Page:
Great Canadian Musician: Leonard Cohen

| June 22, 2011 | 0 Comments

As a musician, Cohen defies the greats. His low melodic vocals, flavoured with pain, seasoned by love, softened by solitude; are enough to bring tears to stone. The first time I heard “Hallelujah“ my thoughts went silent, and my heart swelled with ecstasy. Those woody vibrations of an old Buddhist singing his skeletons out of the closet are a thing of fantasy. Here Frequently covered, and never equalled; Leonard Cohen is a ripple in time.

In short, ladies and gentlemen, this one man has it all. Be you child or beyond; we all look on in awe. Leonard Cohen is easily one of the greatest musicians alive. His astounding quality of imagination, and honest stamina put Cohen on a stage above any other. As Lou Reed put it, “We are lucky to be alive at the same time Leonard Cohen is.”

In the darker months that this country paints, in tones of snow, wind, and worse than usual drivers; it’s a necessity to gain perspective on pain and sorrow. If only to keep yourself stable emotionally, while still maintaining honest composure. Stepping calmly from the wildest inner reaches of our hearts is a man who is more deeply in tune than even Dylan. More dynamically resonant than Cash. Indeed, Leonard Cohen is perhaps the “prime mover” for the Canadian Music Scene as we know it. As recently as April 1st of 2011 he was awarded the 9th Glenn Gould Prize for “enriching the human condition through arts and innovation”. The decision was unanimous, an international panel of judges said “His poetry and music transcend national boundaries”.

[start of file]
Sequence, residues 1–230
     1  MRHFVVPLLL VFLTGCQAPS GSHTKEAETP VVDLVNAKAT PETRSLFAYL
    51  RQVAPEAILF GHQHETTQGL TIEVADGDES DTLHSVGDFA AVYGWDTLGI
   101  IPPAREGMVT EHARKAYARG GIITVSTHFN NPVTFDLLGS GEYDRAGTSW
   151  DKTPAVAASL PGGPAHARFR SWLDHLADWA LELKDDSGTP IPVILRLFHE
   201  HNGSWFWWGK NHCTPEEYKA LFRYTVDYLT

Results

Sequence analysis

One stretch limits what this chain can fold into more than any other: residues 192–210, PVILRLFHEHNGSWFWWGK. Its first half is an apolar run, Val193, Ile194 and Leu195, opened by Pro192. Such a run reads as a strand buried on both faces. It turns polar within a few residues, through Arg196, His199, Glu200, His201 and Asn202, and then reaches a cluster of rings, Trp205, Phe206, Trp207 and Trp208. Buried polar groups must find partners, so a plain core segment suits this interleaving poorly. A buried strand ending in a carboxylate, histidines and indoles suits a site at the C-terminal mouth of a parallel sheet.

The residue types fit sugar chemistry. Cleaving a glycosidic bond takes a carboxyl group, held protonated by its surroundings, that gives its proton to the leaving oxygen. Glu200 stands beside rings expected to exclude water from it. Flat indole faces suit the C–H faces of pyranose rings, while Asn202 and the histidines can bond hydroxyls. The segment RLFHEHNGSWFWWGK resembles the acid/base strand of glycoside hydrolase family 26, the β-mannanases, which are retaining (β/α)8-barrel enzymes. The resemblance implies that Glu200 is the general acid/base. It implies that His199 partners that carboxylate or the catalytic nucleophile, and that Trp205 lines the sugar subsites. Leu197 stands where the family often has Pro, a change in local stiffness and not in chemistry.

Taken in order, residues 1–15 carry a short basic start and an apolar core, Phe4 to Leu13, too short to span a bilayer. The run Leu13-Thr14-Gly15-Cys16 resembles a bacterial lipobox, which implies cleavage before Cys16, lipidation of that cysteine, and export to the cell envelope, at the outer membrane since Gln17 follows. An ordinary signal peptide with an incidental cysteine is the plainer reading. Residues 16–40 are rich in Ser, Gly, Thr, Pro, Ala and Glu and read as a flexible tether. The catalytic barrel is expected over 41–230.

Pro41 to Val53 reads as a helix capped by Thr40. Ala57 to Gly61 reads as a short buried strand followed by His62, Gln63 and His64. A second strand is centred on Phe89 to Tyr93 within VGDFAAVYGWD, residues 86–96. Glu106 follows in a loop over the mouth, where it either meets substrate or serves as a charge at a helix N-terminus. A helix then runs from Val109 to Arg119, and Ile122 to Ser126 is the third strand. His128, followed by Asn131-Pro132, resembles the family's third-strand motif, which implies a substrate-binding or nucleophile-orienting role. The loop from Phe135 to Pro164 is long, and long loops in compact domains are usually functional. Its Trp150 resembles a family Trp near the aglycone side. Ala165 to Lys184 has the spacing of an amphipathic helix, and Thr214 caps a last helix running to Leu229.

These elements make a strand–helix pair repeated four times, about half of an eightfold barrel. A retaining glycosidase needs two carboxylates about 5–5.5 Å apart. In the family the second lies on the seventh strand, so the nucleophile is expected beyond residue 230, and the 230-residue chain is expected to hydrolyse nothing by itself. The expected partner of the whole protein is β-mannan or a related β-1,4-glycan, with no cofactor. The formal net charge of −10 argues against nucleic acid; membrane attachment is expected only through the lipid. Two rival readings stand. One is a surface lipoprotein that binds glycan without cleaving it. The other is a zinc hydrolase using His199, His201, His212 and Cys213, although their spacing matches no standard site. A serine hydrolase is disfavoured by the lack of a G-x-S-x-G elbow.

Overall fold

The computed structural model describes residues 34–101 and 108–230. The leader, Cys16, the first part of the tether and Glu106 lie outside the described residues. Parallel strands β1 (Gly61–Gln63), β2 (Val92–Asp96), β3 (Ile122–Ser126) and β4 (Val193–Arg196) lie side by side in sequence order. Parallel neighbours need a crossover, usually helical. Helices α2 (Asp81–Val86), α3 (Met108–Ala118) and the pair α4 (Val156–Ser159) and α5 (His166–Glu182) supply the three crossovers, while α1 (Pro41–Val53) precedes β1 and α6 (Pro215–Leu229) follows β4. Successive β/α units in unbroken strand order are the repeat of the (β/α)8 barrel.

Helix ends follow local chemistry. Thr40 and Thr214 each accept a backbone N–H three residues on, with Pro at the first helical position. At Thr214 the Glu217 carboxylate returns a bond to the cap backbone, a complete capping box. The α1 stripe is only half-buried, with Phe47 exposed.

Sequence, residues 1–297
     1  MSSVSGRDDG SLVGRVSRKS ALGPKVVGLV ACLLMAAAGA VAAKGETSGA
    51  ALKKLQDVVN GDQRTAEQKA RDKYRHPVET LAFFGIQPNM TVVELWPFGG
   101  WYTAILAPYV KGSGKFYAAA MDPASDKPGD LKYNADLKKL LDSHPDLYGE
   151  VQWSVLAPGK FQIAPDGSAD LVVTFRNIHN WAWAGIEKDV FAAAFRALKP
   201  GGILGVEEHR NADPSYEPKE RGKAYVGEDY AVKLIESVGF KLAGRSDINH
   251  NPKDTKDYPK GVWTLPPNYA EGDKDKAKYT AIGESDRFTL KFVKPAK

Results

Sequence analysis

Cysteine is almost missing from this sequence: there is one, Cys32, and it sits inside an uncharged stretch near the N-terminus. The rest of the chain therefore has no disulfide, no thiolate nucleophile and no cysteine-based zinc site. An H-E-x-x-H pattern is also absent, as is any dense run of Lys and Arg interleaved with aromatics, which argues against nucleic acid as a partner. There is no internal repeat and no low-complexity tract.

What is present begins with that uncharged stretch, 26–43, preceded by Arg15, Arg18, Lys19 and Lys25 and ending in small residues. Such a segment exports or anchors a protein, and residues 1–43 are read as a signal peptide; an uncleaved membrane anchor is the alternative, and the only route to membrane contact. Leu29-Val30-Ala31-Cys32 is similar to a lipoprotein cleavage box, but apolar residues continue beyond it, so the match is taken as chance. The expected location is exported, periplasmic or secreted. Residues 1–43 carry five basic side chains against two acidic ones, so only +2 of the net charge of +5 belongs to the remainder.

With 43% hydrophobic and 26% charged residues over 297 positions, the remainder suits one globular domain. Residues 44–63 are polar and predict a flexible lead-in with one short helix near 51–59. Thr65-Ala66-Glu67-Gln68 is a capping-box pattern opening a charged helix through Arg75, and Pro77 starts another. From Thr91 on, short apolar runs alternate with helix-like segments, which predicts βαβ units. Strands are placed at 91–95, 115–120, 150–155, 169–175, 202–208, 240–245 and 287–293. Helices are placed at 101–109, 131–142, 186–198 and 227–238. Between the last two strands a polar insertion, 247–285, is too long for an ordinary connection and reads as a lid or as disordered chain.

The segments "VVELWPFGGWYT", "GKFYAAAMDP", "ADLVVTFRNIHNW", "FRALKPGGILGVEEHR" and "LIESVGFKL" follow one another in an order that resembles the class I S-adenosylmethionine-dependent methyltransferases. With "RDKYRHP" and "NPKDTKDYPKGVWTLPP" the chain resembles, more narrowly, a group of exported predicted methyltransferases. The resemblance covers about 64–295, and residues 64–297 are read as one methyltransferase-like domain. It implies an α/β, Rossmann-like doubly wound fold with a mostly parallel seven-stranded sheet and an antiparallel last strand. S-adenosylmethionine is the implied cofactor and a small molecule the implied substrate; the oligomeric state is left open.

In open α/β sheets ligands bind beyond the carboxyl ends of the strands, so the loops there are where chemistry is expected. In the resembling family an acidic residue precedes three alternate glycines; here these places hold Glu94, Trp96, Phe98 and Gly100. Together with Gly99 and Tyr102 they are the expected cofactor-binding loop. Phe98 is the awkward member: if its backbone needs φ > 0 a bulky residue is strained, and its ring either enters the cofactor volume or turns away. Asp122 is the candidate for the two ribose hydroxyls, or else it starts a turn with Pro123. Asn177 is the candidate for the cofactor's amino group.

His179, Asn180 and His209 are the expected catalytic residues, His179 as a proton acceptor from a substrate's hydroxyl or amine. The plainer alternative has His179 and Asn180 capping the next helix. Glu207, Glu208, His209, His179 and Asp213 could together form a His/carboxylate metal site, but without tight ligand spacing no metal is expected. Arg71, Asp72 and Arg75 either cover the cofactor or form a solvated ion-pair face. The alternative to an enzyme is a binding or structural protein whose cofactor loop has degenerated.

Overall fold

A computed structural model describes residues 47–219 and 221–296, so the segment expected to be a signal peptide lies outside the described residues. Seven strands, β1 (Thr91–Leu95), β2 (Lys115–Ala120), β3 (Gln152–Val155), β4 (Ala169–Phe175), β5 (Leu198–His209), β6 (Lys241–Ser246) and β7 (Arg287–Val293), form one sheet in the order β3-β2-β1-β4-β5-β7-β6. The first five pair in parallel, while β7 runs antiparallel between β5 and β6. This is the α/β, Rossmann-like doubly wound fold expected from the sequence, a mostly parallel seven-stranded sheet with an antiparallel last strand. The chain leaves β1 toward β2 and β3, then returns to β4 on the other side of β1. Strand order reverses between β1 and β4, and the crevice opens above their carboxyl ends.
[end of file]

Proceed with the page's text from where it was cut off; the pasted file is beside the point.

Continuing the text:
As a poet, Leonard was first published in 1956, as a student at McGill University in Montreal, and since, his compositions have touched the world over. Certainly there have been trials and hardships. From his incredible relationship with Suzanne Elrod, to the betrayal of Kelley Lynch in 2005. Cohen stands as a beacon to the art community. Through it all he has provided nothing but the best in his ability to capture and relate the complex intricacies of human emotion. There is no doubt that his parabolic autobiography “The Favourite Game“ is a marvel of untainted personal perspective; that the poetry coerced by the same sojourn on Greece’s Hydra Island is nothing short of a monument to the potential depth of soulful communication.

“Ring the bells that still can ring

Forget your perfect offering

There is a crack, a crack in everything

That’s how the light gets in.”

-Anthem by Leonard Cohen

Listen to Anthem by Leonard Cohen

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